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Cyteen

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Cyteen

    A brilliant young scientist rises to power on Cyteen, haunted by the knowledge that her predecessor and genetic duplicate died at the hands of one of her trusted advisors. Murder, politics, and genetic manipulation provide the framework for the latest Union-Alliance novel by the author of Downbelow Station. Cherryh's talent for intense, literate storytelling maintains interest throughout this long, complex novel.

Originally published in three parts:

Story Survey

Cyteen by C. J. Cherryh


It was from the air that the rawness of the land showed most: vast tracts where humanity had as yet made no difference, deserts unclaimed, stark as moons, scrag and woolwood thickets unexplored except by orbiting radar. Ariane Emory gazed down at it from the window. She kept to the passenger compartment now. Her eyesight, she had had to admit it, was no longer sharp enough, her reflexes no longer fast enough for the jet. She could go up front, bump the pilot out of the chair and take the controls: it was her plane, her pilot, and a wide sky. Sometimes she did. But it was not the same.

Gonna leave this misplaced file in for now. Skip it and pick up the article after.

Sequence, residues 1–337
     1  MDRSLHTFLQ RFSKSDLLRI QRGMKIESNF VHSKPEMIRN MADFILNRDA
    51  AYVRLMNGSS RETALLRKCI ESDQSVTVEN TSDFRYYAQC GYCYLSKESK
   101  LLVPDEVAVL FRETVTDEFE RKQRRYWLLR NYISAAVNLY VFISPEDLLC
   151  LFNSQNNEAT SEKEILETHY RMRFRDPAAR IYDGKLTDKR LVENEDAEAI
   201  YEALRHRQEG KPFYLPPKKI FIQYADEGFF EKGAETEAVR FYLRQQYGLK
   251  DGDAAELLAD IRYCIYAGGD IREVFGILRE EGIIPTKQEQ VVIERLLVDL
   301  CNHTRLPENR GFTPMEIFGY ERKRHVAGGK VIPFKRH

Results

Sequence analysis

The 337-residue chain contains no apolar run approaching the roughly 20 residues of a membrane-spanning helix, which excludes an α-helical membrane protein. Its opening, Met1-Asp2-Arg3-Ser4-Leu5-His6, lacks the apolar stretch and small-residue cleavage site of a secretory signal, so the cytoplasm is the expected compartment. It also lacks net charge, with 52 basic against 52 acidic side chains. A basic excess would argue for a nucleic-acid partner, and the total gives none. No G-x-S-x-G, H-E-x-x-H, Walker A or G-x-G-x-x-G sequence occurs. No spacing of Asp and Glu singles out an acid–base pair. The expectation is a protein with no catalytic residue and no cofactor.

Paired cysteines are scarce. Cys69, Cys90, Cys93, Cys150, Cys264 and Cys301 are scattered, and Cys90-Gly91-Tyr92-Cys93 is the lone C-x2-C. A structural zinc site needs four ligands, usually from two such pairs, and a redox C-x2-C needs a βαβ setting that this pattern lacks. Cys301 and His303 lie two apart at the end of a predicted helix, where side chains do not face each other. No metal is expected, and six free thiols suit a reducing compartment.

Only the land was, still most of the land was. And when she looked out the window, it might have been a century ago, when humankind had been established on Cyteen less than a hundred years, when Union was unthought of, the War only a rumbling discontent, and the land looked exactly like this everywhere.

Two hundred years ago the first colonists had come to this unlikely star, made the beginnings of the Station, and come down to the world.

Forty-odd years later the sublight ships were coming in, few and forlorn, to try to convert their structure and their operations to faster-than-light; and time sped up, time hurtled at translight speeds, change came so fast that sublight ships met ships they took for alien—but they were not: it was worse news for them. They were human. And the game was all changed.

The starships went out like seeds from a pod. The genetics labs upriver at Reseune bred humanity as fast as it could turn them out from the womb-tanks, and every generation bred others and worked in labs breeding more and more, till there were people enough, her uncle had said, to fill the empty places,colonize the world, build more star-stations: Esperance. Fargone. Every place with its own labs and its own means to breed and grow.

Reviews

Reading Picks from 1993

Reading Picks from 2013[edit]

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